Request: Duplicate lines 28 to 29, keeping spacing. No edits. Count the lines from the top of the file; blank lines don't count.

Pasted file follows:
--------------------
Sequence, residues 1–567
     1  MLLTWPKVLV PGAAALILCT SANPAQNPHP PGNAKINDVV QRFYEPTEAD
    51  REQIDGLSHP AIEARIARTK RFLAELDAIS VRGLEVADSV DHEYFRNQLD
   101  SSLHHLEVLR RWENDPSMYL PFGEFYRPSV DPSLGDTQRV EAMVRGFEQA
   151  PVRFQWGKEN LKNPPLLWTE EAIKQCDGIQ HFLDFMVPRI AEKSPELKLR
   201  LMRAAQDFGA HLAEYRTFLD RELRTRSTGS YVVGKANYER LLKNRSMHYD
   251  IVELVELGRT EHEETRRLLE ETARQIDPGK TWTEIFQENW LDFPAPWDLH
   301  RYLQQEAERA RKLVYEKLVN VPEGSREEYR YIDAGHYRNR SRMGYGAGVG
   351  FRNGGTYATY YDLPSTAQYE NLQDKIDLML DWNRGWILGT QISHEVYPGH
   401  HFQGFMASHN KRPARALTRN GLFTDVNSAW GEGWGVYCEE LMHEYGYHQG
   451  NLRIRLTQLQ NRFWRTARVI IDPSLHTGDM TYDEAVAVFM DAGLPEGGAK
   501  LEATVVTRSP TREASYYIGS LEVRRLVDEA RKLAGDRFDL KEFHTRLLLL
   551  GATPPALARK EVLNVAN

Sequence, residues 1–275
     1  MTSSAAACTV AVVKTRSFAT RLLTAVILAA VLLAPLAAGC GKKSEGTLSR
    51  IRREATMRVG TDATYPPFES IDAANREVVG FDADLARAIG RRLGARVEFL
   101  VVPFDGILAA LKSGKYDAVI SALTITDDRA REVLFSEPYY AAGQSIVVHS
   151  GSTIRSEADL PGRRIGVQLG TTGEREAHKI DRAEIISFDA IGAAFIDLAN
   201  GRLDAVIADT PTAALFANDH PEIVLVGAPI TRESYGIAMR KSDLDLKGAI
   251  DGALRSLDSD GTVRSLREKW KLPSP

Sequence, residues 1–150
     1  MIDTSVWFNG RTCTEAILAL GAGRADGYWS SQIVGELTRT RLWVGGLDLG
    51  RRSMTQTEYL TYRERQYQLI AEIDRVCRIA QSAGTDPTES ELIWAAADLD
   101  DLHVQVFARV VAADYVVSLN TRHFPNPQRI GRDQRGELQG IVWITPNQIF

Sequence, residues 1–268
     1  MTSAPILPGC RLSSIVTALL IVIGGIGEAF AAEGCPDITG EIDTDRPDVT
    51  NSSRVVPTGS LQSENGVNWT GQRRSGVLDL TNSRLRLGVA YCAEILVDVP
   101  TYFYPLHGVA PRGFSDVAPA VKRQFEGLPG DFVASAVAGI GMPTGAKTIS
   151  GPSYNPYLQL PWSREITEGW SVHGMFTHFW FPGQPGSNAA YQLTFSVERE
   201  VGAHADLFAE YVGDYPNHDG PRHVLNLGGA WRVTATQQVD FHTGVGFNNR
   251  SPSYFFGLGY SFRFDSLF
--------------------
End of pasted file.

   101  TYFYPLHGVA PRGFSDVAPA VKRQFEGLPG DFVASAVAGI GMPTGAKTIS
   151  GPSYNPYLQL PWSREITEGW SVHGMFTHFW FPGQPGSNAA YQLTFSVERE